Treating Viral Videos Like a Virus January 21, 2010Posted by pupfiction in InformationIssues.
Tags: access, Damian Kulash, internet, Lala, Mashable, music, Ok Go, viral, YouTube
When the music industry and the free internet collide there is bound to be problems. Back in October, we discussed Radiohead’s decision to release their 2007 album In Rainbows, solely online (at first) for a consumer-named price. How they got around the contract with their record label or convinced label execs that this was a good idea, we’ll never know. We also noted that this unprecedented strategy did not hurt record sales in the least. Of course, Radiohead is a chart topping, well established band. But what about Ok Go – a band formed in 1998 who credits its success on the viral nature of its offbeat music videos? Frontman Damian Kulash notes that upon presenting the “A Million Ways” video (a video that received 10 million hits), “the head of the digital department said, ‘If this gets out, you’re sunk.'” (Mashable.com). But Wikipedia notes that, “Oh No gained popularity for its first single, ‘A Million Ways’, thanks to its video, which proved to be a viral Internet phenomenon in the fall of 2005.”
By now we all know what “viral” means –that a video/meme/song/article etc. gains vast popularity by being posted to social networking sites, reposted and discussed on blogs, and forwarded via email. By what are the keys that lead to viral status? While I can’t name the je ne sais quoi that led millions of people to repost “David After Dentist”, “JK Wedding Entrance Dance” or “Charlie Bit My Finger”, I can tell you the one factor these all share is that they are free to distribute. So what happens when you can’t spread these videos anymore? What happens when studio execs decide to lose the “embed” button on YouTube? Well, this is exactly what happened to Ok Go and Damian Kulash (via an interview with Mashable) has a lot to say on the matter, most of it, calmly.
Kulash points out that, “it’s just a redistribution of numbers and that’s the kind of stuff that basically matters to the marketers, and to a certain degree it affects our careers, because…it is better for us to have 40 million hits on one site than one million hits on 40 sites.” But is that what will happen? Isn’t the nature of viral memes to spread across the internet so that, for instance, someone who does not frequent YouTube, might serendipitously stumble across the video via Digg or Buzzfeed? If the video is still free, but limited, why are the suits limiting it to one site? Are they being paid by YouTube (or the ads on YouTube)?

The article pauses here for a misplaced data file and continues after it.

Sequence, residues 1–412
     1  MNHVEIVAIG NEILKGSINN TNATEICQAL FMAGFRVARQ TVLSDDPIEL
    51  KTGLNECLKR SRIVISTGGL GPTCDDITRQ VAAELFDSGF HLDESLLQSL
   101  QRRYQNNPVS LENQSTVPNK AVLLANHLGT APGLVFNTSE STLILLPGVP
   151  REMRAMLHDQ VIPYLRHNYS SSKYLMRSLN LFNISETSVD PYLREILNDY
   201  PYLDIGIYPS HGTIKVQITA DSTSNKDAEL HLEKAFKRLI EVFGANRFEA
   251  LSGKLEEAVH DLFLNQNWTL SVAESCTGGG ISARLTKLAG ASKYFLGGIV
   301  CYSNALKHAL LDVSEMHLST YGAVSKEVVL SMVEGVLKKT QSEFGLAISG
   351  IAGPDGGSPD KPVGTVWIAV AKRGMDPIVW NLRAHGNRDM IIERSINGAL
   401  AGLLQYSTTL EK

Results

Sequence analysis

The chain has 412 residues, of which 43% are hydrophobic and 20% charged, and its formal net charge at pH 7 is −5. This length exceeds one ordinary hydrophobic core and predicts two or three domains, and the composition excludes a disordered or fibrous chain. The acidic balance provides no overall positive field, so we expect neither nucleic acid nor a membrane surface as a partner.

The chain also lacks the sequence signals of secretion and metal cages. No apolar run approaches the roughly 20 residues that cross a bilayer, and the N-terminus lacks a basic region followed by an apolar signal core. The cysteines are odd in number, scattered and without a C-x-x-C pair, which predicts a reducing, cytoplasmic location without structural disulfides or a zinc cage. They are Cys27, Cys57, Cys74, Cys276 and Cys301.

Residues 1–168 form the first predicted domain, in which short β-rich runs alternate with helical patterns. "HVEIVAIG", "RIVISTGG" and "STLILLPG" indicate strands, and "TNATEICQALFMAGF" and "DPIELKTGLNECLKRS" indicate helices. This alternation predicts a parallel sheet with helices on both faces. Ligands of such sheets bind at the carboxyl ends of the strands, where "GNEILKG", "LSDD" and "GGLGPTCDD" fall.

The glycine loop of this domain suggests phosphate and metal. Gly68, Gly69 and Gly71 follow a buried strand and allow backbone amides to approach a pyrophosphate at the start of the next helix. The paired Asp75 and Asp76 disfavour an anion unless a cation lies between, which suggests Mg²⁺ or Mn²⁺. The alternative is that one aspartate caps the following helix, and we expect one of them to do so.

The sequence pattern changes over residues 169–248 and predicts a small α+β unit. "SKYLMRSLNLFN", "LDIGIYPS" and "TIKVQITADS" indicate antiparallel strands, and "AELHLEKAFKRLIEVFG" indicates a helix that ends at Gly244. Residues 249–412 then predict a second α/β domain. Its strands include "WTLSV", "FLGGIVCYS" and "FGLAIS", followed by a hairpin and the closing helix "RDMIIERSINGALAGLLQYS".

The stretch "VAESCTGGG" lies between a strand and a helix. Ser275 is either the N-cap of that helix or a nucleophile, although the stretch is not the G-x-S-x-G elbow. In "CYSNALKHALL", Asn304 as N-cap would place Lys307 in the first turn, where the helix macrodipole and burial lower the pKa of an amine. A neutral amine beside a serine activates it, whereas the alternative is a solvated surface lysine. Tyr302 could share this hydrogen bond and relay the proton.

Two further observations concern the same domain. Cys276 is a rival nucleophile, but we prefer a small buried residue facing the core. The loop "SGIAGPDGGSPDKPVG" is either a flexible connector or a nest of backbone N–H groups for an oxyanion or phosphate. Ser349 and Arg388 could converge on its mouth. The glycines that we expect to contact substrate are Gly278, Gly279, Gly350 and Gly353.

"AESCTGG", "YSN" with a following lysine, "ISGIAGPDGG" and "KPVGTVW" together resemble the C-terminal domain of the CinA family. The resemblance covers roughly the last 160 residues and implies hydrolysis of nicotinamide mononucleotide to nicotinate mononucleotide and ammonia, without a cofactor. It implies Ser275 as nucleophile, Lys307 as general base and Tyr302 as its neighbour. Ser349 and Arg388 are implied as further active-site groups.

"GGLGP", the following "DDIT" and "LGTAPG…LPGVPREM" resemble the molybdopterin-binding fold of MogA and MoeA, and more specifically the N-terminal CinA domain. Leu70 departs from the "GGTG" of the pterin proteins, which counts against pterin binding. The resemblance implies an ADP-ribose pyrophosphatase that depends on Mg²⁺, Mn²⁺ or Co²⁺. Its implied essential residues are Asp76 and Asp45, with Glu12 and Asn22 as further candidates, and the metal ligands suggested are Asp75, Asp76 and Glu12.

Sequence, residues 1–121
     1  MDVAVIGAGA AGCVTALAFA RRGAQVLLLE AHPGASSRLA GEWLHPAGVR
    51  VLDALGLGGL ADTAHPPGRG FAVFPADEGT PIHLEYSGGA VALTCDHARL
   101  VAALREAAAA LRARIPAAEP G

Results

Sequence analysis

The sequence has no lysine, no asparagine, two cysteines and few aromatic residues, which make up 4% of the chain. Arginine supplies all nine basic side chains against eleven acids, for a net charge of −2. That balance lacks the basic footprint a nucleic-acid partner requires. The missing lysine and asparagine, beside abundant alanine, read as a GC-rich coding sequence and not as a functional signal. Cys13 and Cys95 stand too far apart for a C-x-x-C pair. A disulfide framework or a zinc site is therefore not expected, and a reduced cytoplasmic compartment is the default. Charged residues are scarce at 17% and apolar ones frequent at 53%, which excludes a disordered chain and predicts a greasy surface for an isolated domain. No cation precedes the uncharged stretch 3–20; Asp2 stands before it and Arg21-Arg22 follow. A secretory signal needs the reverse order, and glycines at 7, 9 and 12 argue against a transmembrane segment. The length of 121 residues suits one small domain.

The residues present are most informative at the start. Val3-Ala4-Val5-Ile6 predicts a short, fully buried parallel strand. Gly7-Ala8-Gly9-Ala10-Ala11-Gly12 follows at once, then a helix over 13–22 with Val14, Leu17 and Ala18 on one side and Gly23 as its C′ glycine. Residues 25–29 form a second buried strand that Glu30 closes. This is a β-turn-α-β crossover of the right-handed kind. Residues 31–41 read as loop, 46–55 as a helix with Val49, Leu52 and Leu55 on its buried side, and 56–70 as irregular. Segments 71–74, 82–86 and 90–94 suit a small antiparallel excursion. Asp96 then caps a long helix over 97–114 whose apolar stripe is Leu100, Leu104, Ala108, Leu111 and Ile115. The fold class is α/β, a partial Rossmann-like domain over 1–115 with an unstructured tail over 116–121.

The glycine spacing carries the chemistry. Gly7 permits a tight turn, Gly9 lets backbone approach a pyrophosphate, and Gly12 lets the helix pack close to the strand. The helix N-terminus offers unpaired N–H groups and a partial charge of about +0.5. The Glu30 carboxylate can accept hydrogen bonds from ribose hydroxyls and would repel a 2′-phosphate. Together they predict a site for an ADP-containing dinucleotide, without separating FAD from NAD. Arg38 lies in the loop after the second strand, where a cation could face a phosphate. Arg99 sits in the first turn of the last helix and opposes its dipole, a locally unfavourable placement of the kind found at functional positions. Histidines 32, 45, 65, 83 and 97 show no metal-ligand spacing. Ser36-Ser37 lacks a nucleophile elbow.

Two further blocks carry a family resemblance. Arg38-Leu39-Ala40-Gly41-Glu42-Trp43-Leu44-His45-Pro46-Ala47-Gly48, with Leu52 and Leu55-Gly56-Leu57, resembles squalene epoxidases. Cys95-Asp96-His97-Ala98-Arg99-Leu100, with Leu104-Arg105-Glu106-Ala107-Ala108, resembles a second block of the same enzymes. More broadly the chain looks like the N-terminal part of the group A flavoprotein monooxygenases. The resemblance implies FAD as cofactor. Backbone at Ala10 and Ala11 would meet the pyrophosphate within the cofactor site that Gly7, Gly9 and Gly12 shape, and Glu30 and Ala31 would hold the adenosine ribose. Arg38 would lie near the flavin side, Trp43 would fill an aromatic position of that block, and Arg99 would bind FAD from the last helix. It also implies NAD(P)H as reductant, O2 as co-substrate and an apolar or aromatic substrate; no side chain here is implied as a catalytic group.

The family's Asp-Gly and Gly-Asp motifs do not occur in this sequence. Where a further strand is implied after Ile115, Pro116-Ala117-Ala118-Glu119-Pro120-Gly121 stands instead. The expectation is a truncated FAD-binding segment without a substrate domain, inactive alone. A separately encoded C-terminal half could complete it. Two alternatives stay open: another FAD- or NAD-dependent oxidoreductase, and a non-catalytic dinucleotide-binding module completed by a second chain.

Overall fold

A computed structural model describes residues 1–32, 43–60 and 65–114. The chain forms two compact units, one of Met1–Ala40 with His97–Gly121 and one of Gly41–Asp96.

Kulash’s calm acceptance of changes to YouTube is a fast departure from his stance earlier in the article, particularly when he notes that, “The thrill…was that there was no middleman, and now we’re dealing with exactly the fact that there’s somebody stopping us from having the video embedded the way we want it to — the middlemen have returned.” Still, Kulash is a working man and realizes that if he wants to make money there must be some concessions. He notes that, “the line between owning music or streaming music or hearing music has gotten so blurred, and is only going to get more so, operating on a system that basically looks at music as discrete units that people individually own is just getting silly.” His solution? “Larger rights organizations” and a “legitimate marketplace for music online”. But how, Kulash, how? While there might not be any clear answers now, more questions are sure to arise if the rumors are true that Apple will be creating a free live music streaming service based on their acquisition of Lala.
The New York Times has made their stance public. What’s yours?
Read the full interview by Mashable here.